6. THEY WANT FOOD, BUT WILL PROBABLY DECLINE A DRINK. 

Party etiquette dictates that the photographer, videographer, and florist should get a meal during an event … and don’t forget about the DJ. Whether or not they’re emceeing your party, they probably also need to eat at some point. However, they may not want to drink.

“I think that every DJ should get a meal … Please feed your DJ! As far as drinking, I choose not to drink alcohol. I want to always put my best foot forward for my clients,” DJ Jeffty says. 

Vaughn Wooster, a.k.a. DJ Von Woo, a DJ in the Bay Area, stresses that every event is different, and in some cases it may be acceptable for DJs to discreetly eat their vendor meal at the booth, “in case any unforeseen changes in the music happen.” 

But because alcohol can hinder a DJ’s ability to perform at his or her best, Jerry Laskin, a DJ and owner of Jerry Laskin Enterprises, which serves New York and surrounding states, says that alcohol “should never be an option for the DJ or entertainers booked.”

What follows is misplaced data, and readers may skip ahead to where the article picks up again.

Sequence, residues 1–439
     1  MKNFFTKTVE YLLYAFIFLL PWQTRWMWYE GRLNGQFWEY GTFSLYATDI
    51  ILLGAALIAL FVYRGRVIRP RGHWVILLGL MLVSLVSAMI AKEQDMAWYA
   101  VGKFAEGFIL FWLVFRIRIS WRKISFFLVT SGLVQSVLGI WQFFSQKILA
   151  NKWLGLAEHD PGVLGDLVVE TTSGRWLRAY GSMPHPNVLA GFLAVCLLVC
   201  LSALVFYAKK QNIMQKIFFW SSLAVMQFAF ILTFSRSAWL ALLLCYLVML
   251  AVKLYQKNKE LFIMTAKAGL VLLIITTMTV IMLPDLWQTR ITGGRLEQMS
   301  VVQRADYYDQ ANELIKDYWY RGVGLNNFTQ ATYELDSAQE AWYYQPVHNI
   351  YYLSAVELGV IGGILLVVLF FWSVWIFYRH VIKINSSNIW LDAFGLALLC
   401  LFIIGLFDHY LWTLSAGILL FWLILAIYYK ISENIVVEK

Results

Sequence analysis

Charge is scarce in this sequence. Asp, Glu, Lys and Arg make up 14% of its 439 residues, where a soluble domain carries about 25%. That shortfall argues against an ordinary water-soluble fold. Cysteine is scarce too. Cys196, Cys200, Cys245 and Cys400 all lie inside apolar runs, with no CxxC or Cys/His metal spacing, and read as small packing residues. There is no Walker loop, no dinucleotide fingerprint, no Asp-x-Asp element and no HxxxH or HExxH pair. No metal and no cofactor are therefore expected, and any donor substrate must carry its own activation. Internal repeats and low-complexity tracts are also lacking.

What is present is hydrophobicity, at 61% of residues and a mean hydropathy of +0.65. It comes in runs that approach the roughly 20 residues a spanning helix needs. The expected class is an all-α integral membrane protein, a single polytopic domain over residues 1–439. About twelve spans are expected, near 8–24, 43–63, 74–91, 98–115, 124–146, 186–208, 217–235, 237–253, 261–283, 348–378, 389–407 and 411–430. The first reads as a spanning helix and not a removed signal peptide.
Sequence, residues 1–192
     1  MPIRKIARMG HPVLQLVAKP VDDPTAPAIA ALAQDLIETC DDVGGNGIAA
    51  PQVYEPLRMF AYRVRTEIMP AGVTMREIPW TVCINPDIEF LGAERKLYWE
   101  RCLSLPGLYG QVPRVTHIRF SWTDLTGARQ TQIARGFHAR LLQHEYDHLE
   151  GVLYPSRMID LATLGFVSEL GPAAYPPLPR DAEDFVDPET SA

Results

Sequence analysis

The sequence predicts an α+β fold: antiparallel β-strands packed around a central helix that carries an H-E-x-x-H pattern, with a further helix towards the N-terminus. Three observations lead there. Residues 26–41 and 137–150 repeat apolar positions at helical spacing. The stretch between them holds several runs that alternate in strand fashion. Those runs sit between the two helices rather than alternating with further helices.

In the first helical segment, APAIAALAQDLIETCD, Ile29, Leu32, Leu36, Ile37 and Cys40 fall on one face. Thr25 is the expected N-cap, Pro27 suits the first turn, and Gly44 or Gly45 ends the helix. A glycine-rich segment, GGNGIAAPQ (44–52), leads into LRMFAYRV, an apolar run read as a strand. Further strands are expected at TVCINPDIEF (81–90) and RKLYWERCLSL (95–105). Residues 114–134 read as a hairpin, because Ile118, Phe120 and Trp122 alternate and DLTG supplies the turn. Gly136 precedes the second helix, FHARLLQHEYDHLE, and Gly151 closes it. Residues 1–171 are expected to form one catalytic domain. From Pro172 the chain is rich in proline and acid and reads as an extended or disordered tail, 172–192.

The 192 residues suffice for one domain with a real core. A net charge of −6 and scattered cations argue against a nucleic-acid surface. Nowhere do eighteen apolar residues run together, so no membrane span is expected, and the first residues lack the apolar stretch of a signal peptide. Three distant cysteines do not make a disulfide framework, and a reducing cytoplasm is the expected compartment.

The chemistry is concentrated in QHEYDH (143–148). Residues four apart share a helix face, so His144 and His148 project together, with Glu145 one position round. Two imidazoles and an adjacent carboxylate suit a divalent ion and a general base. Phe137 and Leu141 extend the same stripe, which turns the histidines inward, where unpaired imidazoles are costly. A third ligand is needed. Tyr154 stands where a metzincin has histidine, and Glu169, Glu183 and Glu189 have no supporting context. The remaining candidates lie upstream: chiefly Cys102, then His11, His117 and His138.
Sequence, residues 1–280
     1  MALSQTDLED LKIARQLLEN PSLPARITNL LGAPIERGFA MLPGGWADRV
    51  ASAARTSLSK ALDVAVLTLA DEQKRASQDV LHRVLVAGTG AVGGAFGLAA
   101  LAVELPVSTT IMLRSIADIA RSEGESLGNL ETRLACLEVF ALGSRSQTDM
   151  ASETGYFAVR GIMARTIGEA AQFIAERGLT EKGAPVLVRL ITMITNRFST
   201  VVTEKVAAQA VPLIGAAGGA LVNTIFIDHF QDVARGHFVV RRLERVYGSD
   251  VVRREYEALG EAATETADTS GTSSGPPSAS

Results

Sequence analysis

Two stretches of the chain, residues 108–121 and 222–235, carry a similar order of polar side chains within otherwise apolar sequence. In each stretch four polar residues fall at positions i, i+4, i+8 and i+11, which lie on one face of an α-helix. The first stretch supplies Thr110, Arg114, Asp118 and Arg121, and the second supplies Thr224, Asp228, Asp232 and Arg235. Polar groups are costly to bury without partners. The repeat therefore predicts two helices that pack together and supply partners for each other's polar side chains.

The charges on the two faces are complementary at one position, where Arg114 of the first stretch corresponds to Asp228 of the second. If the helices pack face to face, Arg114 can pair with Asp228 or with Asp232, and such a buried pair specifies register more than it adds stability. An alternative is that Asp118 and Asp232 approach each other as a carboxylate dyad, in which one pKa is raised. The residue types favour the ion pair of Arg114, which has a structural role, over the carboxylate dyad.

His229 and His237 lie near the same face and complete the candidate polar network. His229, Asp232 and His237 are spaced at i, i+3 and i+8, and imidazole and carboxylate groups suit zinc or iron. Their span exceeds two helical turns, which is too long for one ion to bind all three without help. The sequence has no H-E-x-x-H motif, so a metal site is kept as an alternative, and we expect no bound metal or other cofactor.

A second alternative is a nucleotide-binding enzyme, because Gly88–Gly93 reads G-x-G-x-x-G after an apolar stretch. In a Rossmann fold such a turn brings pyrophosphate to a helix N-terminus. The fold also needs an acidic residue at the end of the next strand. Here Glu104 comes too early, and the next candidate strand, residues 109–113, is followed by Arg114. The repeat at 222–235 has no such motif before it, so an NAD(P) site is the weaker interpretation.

7. THERE’S MORE MONEY IN BAR MITZVAHS THAN IN WEDDINGS.

2015 data compiled by job listing website Thumbtack showed that on average, DJs charge 32% more for bar and bat mitzvahs than weddings. According to Joel Macht, president of SpotlightLA, the DJ/emcee for a bar mitzvah “will be out and involved with the crowd, running games, setting up the photo montage, explaining how the candle-lighting works, and so on.” Entertaining a group of young teenagers requires more interaction, energy, and skills than entertaining adults. Bar mitzvahs are also more likely than weddings or birthday parties to feature dancers, special lighting, and audio/visual techs, which all add to the cost. 

8. TAKE THE AWARDS AND REVIEWS ON SOME DJS' WEBSITES WITH A GRAIN OF SALT.